It is well known that an inverted yield curve (that is, one in which the rates in the short part of the curve are larger than the longer term rates) is a strong indication of the end of the expansive economic cycle. Although in some cases it has given false signals of recession, the slope of the curve between the reference to 10 years and the 12-month rates has been a fairly reliable early indicator of the beginning of an economic contraction.
Since 2014, the US curve has been gradually losing ground. This has been possible due to the beginning of monetary normalization by the Federal Reserve, which has caused the shorter terms of the curve to rebound while, at the same time, 10-year rates have remained very stable throughout the period. of the last four years.
With a current slope in the environment of 0.68%, in the event that the expectations of three increases in rates by the Fed in 2018 are fulfilled and assuming 10-year rates at levels similar to the current ones, the slope of the curve it would flatten completely in the final part of the year and we would enter 2019 with the inverted US curve. The relevant question now is this: can we expect that in this case the rate curve will once again anticipate the arrival of an economic recession in the United States?
The answer to this question is not simple, given the huge volume of monetary stimulus put into operation by the main central banks of the world. In this sense, There is no lack of voices that indicate that it would be the first time that the US economy enters into a recession with real interest rates (nominal rate minus inflation expectations) that are so low. On the other hand, many analysts suggest that as the balance of central banks decreases, while the programs of bond purchases are ending in other geographies such as the Eurozone and Japan, long-term rates will tend to appreciate. progressively, thus compensating the increases registered in the short part of the curve.
Two factors cause rebound of the returns
While waiting to confirm these hypotheses in the coming months, there are other factors that have slowed the rebound of returns in the long part of the curve. Specifically, the maintenance of real interest rates at very depressed levels and, above all, the almost total absence of inflationary pressures (with some exceptions such as those seen in recent weeks), which has meant that the expectations of inflation have not risen. long-term inflation and that investors do not demand significant compensation for investing for longer terms. In effect, the term premium is very depressed and is trading even in negative territory.
For all this, to avoid an inversion of the US rate curve (in Europe the slope is much higher and is currently around 120 basis points), one of these three things would have to happen. First, that the Fed stops raising interest rates, or that it does so more slowly than expected, which does not make much sense in the current environment of strong economic growth in the United States.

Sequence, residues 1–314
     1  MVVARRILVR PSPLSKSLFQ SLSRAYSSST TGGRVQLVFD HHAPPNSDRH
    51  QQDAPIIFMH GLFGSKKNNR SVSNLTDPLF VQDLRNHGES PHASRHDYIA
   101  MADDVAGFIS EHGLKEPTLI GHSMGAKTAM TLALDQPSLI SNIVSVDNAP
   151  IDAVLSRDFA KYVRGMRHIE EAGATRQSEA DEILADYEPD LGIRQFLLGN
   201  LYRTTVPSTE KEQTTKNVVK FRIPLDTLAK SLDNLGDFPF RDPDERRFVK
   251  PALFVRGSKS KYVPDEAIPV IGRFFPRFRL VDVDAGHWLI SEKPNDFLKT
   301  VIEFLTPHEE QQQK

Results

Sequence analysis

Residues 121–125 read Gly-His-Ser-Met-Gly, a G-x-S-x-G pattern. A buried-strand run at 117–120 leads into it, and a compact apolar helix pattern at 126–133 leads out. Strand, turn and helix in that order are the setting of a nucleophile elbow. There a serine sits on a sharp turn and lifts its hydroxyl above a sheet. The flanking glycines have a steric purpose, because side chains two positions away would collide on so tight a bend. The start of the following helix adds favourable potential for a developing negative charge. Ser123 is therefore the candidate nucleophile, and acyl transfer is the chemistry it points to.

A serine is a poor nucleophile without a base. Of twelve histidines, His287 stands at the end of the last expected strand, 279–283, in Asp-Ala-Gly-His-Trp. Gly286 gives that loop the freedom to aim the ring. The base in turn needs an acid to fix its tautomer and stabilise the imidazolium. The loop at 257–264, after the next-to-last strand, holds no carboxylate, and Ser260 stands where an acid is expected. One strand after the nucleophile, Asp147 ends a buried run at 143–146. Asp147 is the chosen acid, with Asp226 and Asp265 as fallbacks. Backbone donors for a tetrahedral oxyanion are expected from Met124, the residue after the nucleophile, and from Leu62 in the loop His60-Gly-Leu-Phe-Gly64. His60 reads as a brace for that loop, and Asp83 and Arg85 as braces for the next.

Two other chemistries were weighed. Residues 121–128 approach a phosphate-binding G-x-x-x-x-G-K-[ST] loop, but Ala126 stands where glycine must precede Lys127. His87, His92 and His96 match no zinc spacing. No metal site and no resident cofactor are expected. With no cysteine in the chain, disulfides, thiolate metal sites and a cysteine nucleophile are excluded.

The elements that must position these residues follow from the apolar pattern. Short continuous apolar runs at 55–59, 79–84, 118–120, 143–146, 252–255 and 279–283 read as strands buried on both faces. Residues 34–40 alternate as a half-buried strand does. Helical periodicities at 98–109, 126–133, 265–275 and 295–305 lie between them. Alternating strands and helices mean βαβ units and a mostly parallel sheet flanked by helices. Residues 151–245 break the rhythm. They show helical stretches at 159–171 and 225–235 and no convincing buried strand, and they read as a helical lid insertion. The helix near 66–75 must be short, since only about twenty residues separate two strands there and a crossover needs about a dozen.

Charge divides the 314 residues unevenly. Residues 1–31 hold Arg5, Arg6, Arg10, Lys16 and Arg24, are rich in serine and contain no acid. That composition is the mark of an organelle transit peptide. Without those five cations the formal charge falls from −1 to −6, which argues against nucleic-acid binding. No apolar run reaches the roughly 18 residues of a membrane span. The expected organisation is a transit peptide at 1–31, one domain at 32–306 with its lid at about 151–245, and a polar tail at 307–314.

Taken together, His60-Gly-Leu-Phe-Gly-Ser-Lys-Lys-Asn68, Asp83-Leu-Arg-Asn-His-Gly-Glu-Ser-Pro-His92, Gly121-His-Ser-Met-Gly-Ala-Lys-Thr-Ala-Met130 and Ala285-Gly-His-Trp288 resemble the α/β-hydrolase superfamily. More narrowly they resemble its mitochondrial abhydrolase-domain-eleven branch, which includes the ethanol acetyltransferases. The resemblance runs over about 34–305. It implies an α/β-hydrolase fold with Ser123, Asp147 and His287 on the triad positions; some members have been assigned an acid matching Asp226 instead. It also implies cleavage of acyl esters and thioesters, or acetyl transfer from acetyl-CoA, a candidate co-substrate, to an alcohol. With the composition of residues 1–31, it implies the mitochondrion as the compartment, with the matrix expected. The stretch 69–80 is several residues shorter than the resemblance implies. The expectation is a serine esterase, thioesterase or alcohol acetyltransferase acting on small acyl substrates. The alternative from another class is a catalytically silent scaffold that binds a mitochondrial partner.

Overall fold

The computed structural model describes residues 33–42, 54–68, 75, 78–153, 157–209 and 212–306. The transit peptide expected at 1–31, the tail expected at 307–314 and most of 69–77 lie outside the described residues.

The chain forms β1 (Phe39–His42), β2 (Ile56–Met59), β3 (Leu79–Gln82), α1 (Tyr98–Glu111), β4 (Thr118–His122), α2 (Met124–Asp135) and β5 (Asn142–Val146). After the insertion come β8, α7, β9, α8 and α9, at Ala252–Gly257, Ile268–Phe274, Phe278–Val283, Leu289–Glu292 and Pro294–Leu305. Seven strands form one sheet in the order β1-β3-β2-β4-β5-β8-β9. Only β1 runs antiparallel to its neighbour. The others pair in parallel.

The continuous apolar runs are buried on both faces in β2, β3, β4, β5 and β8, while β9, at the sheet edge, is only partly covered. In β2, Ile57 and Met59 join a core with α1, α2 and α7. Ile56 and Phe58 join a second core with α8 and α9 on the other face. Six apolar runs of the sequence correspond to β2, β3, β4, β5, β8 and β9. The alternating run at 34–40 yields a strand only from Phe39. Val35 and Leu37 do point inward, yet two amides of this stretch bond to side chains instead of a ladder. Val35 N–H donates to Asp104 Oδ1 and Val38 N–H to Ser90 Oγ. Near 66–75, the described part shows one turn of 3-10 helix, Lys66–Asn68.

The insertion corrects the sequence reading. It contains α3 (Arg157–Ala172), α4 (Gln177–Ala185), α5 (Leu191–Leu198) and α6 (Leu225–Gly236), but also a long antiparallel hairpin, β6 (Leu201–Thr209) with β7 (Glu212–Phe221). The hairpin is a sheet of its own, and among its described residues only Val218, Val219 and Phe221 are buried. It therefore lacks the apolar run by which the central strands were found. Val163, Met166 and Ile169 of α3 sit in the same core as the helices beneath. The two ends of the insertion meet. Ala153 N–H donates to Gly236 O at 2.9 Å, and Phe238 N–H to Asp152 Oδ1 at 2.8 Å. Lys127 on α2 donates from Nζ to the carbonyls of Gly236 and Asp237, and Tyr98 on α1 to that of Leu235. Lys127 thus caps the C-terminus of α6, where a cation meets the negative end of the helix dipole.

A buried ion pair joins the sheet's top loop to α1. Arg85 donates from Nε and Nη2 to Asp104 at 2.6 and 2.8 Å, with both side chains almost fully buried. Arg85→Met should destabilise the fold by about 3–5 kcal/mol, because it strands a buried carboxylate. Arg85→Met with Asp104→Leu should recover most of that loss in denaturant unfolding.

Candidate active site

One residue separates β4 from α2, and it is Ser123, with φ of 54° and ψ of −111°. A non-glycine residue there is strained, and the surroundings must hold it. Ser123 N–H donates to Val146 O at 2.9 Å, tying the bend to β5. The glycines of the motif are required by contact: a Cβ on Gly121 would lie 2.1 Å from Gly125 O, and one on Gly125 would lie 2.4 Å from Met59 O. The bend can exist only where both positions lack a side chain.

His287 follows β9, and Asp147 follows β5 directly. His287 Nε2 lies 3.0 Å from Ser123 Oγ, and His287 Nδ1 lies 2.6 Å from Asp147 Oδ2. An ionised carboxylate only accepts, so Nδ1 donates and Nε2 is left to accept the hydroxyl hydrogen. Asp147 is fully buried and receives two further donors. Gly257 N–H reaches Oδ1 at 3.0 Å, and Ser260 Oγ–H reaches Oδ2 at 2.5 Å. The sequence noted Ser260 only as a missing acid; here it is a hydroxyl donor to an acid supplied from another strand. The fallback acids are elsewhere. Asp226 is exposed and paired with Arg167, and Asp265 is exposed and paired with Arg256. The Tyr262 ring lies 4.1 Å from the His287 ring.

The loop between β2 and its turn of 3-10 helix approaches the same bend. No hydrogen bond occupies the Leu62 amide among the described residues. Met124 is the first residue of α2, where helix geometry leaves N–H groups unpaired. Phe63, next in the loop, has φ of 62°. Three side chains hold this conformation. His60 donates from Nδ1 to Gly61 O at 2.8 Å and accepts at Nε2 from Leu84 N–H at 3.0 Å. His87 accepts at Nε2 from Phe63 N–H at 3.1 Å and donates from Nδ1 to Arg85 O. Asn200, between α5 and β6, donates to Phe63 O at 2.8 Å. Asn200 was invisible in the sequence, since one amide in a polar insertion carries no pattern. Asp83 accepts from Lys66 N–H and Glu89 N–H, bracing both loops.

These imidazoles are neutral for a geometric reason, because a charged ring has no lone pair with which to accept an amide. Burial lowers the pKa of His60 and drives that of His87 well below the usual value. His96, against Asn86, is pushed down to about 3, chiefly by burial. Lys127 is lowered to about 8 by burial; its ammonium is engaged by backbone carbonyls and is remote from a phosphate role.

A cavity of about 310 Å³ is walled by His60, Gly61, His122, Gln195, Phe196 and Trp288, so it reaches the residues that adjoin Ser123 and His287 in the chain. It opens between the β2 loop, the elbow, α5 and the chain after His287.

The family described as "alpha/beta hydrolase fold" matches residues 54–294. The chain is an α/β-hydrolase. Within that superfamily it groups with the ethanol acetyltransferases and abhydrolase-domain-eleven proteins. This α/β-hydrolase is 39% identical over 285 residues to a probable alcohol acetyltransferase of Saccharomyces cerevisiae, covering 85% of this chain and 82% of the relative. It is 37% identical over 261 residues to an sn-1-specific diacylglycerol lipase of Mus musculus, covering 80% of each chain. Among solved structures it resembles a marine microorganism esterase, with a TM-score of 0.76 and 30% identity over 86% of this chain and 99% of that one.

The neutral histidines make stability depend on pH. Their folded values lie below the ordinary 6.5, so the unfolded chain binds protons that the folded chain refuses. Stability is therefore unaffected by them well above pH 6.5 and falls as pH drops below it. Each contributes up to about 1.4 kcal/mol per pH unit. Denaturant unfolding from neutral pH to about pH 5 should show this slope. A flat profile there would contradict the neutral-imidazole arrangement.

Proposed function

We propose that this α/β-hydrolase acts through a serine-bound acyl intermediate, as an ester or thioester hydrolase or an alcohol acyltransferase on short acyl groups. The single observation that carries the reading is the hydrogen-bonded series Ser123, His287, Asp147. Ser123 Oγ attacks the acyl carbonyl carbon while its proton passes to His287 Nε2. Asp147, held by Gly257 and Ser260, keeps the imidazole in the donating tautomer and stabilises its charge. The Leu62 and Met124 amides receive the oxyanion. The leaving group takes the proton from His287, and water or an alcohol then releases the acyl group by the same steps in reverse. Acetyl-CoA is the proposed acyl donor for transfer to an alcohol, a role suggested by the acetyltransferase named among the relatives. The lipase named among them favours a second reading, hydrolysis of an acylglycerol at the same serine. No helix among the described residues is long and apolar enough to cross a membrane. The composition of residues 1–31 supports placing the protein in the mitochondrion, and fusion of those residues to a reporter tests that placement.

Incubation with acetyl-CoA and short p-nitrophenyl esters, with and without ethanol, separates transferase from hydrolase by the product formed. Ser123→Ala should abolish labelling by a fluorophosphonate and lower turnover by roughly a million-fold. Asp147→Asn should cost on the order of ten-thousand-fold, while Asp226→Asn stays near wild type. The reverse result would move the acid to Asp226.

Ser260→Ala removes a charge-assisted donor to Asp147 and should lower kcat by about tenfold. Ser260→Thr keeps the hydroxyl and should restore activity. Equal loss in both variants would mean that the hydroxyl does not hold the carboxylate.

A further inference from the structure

Second, there should be a rebound in real interest rates. For this to happen, it would be necessary to increase the expectations of US economic growth in an additional and significant way. In these moments in which the US economy is at full employment levels and growing even above its potential rate, it seems difficult that this scenario of additional acceleration of growth expectations could occur, which would only be feasible in case of that there was a relevant advance in the levels of productivity.
Finally, it would be necessary to increase inflation expectations. With the recent rebound in oil, we are also beginning to see an advance in long-term inflation expectations, which in the case of the United States is already approaching 2.10% within 10 years. This element is perhaps the most likely to be complied with, especially if we take into account the fiscal stimulus approved by the Trump Administration and that could reheat an economy that is already operating at full capacity. This could be the factor that would allow a rebound in the long types of the curve during the next months.
A rebound in inflation
On the other hand, the greater uncertainty about future inflation would cause the term premiums to rebound, which would also have a beneficial effect on the slope of the curve. In addition, we must indicate that there are structural obstacles so that we can expect upturns in inflation expectations, such as globalization, the irruption of technology or population aging. Likewise, the disappointing evolution of wage costs (until last week) was another impediment for general inflation to infiltrate the core of the economy.
In short, unless the long-term interest rates experience a significant advance throughout 2018, it is a feasible scenario that the US rate curve reverses in the coming months, giving a negative signal on the maintenance of the economic cycle in United States. At the other extreme, if it is possible to avoid the loss of slope, it will be at the cost of the fall in the prices of sovereign bonds in the United States, which would probably extend to other geographies and that would more than justify the maintenance of a tactical position of caution. in this asset class.